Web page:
The Treasury Inspector General for Tax Administration (TIGTA) is concerned that the IRS is not prepared to combat the onslaught of tax fraud that is anticipated once the IRS begins paying premium tax credits associated with the Affordable Care Act (ACA). TIGTA recognizes that the IRS has systems in place to combat fraud in general; it has always been one of their top priorities. But specific ACA fraud is another story. The IRS is not prepared for this new responsibility which is bound to reveal unforeseen nuances. The IRS has tested its systems that compute subsidies under ACA and the testing revealed flaws that could result in the IRS being unable to identify fraud prior to the issuance of credits. In plain English, what this means is there is a significant risk that the IRS will inadvertently pay out credits to people who don’t really qualify. According to the IRS, they have already made system corrections prior to the issuance of today’s report and they will be prepared.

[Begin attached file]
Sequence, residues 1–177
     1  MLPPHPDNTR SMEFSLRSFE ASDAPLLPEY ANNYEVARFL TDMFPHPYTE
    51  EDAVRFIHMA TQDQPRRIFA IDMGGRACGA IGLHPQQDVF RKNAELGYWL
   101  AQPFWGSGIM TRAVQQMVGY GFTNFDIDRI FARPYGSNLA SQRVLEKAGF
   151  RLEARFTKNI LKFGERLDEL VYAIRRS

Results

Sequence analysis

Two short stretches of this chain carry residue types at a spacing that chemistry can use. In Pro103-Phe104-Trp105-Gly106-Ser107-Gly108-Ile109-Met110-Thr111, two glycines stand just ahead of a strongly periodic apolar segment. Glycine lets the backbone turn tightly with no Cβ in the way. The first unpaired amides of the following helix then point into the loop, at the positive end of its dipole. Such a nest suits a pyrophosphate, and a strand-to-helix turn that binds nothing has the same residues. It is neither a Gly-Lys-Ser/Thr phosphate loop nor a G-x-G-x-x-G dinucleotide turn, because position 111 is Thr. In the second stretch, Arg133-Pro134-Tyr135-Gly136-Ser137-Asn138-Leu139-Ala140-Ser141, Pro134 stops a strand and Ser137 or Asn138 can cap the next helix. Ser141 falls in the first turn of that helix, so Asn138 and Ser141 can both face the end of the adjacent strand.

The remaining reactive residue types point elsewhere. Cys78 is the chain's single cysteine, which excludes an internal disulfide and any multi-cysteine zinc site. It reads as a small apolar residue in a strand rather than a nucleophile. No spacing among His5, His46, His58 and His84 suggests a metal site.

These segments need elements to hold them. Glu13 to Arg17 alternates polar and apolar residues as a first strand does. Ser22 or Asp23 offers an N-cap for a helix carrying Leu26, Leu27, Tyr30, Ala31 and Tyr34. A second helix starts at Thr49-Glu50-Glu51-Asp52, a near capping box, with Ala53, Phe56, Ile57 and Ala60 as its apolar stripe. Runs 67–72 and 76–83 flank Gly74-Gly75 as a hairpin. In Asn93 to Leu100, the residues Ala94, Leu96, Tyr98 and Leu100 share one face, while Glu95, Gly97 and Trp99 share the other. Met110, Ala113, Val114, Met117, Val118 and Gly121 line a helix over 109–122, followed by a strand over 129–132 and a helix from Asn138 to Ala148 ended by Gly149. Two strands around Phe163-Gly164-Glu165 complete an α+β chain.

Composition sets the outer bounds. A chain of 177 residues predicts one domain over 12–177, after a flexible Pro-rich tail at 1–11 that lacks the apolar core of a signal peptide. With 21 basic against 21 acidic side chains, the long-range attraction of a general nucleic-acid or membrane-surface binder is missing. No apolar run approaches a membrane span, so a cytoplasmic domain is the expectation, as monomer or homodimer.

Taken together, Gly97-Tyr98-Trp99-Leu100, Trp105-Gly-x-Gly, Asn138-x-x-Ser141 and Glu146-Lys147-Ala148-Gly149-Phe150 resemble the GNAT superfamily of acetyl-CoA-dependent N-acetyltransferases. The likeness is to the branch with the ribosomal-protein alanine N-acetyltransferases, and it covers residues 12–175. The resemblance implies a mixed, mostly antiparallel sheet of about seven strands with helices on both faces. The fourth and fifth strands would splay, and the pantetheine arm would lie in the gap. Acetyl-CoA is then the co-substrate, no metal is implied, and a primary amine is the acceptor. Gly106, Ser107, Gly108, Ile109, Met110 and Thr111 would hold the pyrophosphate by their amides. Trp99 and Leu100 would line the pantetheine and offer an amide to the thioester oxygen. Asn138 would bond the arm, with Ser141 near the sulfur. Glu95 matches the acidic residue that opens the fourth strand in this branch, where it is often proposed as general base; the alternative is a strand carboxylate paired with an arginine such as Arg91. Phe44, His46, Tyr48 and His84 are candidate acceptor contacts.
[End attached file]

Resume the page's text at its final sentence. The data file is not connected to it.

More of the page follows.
The health care coverage mandates under the Affordable Care Act are scheduled for January 1, 2014. So what will it mean for business owners?
The small business health care tax credit is the carrot for small business owners to contribute to their employee’s health care. Beginning in 2014, Uncle Sam’s carrot for small businesses that pay at least half of their employee premiums for qualified health insurance coverage, and employ 25 or fewer workers with an average income of $50,000 or less, is a tax subsidy on the health insurance premiums they pay.
The maximum qualified subsidy is 50% and is available to small businesses with an average payroll for full-time equivalent employees of $25,000 and ten or less full time employees. The subsidy is presently scheduled to be reduced by 3.35% per additional employee and 2% per additional $1,000 of average income.
Therefore, the savvy small business owner, who is doing good by contributing to their employee’s health insurance will be able reduce their expenses by paying careful attention to their workforce and wages paid. It may be necessary to consult with an experienced CPA or tax attorney for a more individualized understanding of these tax incentives.